Iran on March 3 temporarily freed more than 54,000 inmates from prison in a move to prevent the novel coronavirus from spreading, as the death toll in the country rose to at least 77, killing 23 members of the Iranian parliament.
Only inmates who had tested negative for COVID-19—the disease caused by coronavirus—and had posted bail have been released, judiciary spokesman Gholamhossein Esmaili told reporters on Tuesday. The figure amounts to roughly a fifth of Iran’s jail population.
“Security prisoners” with a prison sentence of more than five years, or those considered to be a danger to the public, were not released, he said.
The decision was made as Iran’s Deputy Health Minister Alireza Raisi announced on state TV on Tuesday that 77 people have died and 2,336 have been infected by the novel coronavirus in Iran. The number of confirmed cases of COVID-19 infection rose sharply from 1,501 on March 2.
Both Iran and Italy have the highest number of deaths from the coronavirus outside of China, where the virus originated.
Esmaili said that Nazanin Zaghari-Ratcliffe, a 41-year-old British-Iranian woman convicted of espionage charges, as well as a number of prominent Iranian political prisoners, may be released from prison.
Zaghari-Ratcliffe has tested negative for the coronavirus, Iran told the UK Foreign Office, after her husband said Saturday he believed she had contracted the disease at Evin prison in Tehran. He claimed authorities were refusing to test her for the virus.
“I know I need to get medicine to get better,” Zaghari-Ratcliffe told The Times of London on Monday.
Esmaili said on Monday she had contacted her family and “told them about her good health,” according to the BBC.
Zaghari-Ratcliffe was at the airport in Iran on April 3, 2016, ready to return to the UK when she was detained by the Iranian Revolutionary Guard, according to her family.
She maintains her innocence and was reportedly visiting her family in Iran to celebrate the new year, BBC reported.
As cases of the novel coronavirus in the country continue to surge, authorities have called on Iranians to avoid public places and stay at home, while schools, universities, cultural, and sports centers have been temporarily closed.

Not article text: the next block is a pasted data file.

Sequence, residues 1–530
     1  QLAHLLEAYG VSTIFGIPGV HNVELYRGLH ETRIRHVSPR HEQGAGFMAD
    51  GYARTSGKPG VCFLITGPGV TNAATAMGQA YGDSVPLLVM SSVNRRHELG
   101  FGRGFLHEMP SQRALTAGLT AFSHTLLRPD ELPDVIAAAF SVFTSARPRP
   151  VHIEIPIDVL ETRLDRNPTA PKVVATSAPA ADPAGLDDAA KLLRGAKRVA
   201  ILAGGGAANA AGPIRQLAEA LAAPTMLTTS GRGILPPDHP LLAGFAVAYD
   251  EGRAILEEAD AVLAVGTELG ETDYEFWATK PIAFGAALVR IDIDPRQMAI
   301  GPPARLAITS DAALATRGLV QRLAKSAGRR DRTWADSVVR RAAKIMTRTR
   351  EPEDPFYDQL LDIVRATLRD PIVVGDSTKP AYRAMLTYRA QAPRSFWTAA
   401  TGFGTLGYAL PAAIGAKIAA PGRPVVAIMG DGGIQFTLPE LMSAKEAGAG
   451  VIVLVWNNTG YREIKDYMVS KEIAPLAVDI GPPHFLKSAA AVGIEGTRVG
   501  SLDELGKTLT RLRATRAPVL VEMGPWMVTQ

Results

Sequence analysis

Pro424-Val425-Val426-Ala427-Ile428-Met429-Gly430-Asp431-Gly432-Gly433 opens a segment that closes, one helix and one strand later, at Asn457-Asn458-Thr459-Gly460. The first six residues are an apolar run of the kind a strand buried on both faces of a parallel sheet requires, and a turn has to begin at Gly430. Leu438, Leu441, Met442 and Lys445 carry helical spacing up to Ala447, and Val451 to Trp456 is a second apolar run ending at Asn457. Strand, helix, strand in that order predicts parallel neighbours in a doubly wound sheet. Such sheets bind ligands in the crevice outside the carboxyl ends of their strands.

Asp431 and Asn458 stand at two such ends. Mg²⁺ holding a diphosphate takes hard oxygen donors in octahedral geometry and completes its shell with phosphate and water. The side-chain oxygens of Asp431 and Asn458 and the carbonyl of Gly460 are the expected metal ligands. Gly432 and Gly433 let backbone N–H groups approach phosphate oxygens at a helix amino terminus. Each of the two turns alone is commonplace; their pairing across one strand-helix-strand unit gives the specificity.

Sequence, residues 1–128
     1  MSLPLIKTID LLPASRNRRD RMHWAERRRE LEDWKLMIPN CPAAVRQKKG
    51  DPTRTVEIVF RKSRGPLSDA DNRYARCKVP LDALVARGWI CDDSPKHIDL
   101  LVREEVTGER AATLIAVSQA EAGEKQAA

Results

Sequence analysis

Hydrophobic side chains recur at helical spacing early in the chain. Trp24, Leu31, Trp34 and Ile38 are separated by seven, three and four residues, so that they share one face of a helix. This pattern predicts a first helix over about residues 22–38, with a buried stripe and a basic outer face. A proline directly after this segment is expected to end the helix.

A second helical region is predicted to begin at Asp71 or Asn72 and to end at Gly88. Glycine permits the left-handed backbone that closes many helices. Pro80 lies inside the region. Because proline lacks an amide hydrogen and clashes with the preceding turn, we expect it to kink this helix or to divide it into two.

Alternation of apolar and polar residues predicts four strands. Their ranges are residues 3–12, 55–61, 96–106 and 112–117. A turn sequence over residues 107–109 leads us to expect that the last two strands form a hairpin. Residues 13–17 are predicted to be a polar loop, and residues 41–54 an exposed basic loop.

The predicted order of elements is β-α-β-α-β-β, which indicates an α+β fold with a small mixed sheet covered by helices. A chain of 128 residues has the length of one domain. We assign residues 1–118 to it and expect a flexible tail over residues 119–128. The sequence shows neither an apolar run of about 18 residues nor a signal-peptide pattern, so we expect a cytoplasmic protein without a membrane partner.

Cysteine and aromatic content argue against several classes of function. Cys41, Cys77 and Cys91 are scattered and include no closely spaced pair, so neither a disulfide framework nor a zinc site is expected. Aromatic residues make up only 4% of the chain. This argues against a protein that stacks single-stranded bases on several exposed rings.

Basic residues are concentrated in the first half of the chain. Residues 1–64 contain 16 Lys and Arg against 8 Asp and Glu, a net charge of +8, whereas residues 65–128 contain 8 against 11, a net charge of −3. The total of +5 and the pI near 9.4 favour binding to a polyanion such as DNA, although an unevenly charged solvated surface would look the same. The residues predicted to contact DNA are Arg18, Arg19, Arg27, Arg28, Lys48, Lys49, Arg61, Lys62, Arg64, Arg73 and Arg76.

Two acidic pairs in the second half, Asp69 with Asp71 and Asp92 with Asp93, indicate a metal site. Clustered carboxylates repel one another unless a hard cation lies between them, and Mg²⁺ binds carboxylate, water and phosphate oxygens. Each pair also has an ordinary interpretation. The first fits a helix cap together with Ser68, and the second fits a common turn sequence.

Iran’s Supreme Leader Ayatollah Ali Khamenei said on Tuesday that Iranians should follow the recommendations of authorities to prevent the spread of coronavirus.
Speaking on state TV, he also described the outbreak as “not something extraordinary.”
Several officials have been infected—including the head of Iran’s emergency medical services, ILNA news agency reported on Tuesday. The death of one top official was reported on Monday.
Khamenei said government bodies and the armed forces should give full support to the health ministry and that Iranian authorities have dealt transparently with the virus’s spread.
“Don’t violate the recommendations and instructions of the responsible authorities in terms of prevention, in terms of keeping hands, face, and living environment clean and not infecting these and preventing the infection of these,” he said.
Khamenei also said the outbreak should not be overblown.
“The issue is an issue that will pass. It’s not something extraordinary,” he said. “I don’t want to minimize the issue but let’s not make it very big either.
“It’s an issue that has occurred, it’s for a period … that inshallah will not be very long.”
The announcement of dozens of deaths and hundreds of infections from coronavirus has led some Iranians on social media to accuse authorities of a cover up.
Reuters contributed to this report.